A cat-and-mouse suspense thriller featuring a retired homicide detective who's haunted by the few cases he left open, and by one in particular - the pre-dawn slaughter of eight people among hundreds gathered in line for the opening of a jobs fair when the economy was guttering out. Without warning, a lone driver ploughed through the crowd in a stolen Mercedes. The plot is kicked into gear when Bill Hodges receives a letter in the mail, from a man claiming to be the perpetrator. He taunts Hodges with the notion that he will strike again.Hodges wakes up from his depressed and vacant retirement, hell-bent on preventing that from happening. Brady Hartsfield lives with his alcoholic mother in the house where he was born. And he's preparing to kill again. Only Hodges, with a couple of misfit friends, can apprehend the killer in this high-stakes race against time. Because Brady's next mission, if it succeeds, will kill or maim hundreds, even thousands.(P)2014 Simon & Schuster

Two Roads

Above

Isla Morley
Authors:
Isla Morley
Two Roads

Where Memories Go

Sally Magnusson
Authors:
Sally Magnusson

THE SUNDAY TIMES BESTSELLER - AS HEARD ON BBC RADIO 4 BOOK OF THE WEEK'The tenuous but vital reconnection between a child and its mother' - The Sunday TimesFacebook.com/WhereMemoriesGoScottish broadcaster and author Sally Magnusson cared with her two sisters for their mother Mamie during many years of living with dementia. Sad and funny, wise and honest, this deeply intimate account of insidious losses and unexpected joys is also a call to arms that challenges us all to think differently. This book began as an attempt to hold on to my witty, storytelling mother with the one thing I had to hand. Words. Then, as the enormity of the social crisis my family was part of began to dawn, I wrote with the thought that other forgotten lives might be nudged into the light along with hers. Dementia is one of the greatest social, medical, economic, scientific, philosophical and moral challenges of our times. I am a reporter. It became the biggest story of my life. - Sally MagnussonRegarded as one of the finest journalists of her generation, Mamie Baird Magnusson's whole life was a celebration of words - words that she fought to retain in the grip of a disease which is fast becoming the scourge of the 21st century. Married to writer and broadcaster Magnus Magnusson, they had five children of whom Sally is the eldest. As well as chronicling the anguish, the frustrations and the unexpected laughs and joys that she and her sisters experienced while accompanying their beloved mother on the long dementia road for eight years until her death in 2012, Sally Magnusson seeks understanding from a range of experts and asks penetrating questions about how we treat older people, how we can face one of the greatest social, medical, economic and moral challenges of our times, and what it means to be human.An extraordinary and deeply personal memoir, a manifesto and a call to arms, in one searingly beautiful narrative.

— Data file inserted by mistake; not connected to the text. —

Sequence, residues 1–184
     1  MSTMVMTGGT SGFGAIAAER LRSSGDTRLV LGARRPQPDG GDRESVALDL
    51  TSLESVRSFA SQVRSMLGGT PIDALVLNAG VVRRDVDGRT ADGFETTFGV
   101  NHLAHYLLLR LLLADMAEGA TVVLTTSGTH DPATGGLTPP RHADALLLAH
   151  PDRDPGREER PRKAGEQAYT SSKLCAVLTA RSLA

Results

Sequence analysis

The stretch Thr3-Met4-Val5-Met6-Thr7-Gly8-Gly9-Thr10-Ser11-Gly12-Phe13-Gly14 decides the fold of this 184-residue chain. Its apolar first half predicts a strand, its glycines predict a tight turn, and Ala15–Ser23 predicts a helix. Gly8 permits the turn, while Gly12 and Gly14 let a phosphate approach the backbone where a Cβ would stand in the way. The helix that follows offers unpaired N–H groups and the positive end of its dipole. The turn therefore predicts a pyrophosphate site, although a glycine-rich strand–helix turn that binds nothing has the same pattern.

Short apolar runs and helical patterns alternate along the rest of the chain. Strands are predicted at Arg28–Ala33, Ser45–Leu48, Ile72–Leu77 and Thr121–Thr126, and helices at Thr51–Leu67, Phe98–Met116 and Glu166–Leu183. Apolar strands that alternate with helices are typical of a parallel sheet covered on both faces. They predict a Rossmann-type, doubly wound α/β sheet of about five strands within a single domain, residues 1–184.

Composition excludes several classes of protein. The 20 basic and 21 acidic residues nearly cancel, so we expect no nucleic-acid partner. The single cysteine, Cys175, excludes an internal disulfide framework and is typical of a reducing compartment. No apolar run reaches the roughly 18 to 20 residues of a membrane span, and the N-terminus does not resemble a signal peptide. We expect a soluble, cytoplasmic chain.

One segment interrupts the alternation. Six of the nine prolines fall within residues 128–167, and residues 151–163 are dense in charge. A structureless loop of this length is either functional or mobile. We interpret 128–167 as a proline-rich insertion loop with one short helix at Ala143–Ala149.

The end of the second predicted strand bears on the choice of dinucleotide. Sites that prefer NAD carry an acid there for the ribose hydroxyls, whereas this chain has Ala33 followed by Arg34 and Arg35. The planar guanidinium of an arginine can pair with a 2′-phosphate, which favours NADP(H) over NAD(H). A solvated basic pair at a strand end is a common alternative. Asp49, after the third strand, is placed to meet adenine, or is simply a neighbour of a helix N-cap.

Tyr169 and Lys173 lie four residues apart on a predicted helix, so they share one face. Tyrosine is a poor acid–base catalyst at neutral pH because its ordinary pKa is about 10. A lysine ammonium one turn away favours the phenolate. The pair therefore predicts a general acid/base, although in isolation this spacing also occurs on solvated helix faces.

Hodder & Stoughton

Doctor Sleep

Stephen King
Authors:
Stephen King

An epic war between good and evil, a gory, glorious story that will thrill the millions of hyper-devoted readers of The Shining and wildly satisfy anyone new to the territory of this icon in the King canon. King says he wanted to know what happened to Danny Torrance, the boy at the heart of The Shining, after his terrible experience in the Overlook Hotel. The instantly riveting Doctor Sleep picks up the story of the now middle-aged Dan, working at a hospice in rural New Hampshire, and the very special twelve-year old girl he must save from a tribe of murderous paranormals. On highways across America, a tribe of people called The True Knot travel in search of sustenance. They look harmless - mostly old, lots of polyester, and married to their RVs. But as Dan Torrance knows, and tween Abra Stone learns, The True Knot are quasi-immortal, living off the 'steam' that children with the 'shining' produce when they are slowly tortured to death. Haunted by the inhabitants of the Overlook Hotel where he spent one horrific childhood year, Dan has been drifting for decades, desperate to shed his father's legacy of despair, alcoholism, and violence. Finally, he settles in a New Hampshire town, an AA community that sustains him and a job at a nursing home where his remnant 'shining' power provides the crucial final comfort to the dying. Aided by a prescient cat, he becomes 'Doctor Sleep.'Then Dan meets the evanescent Abra Stone, and it is her spectacular gift, the brightest shining ever seen, that reignites Dan's own demons and summons him to a battle for Abra's soul and survival . . .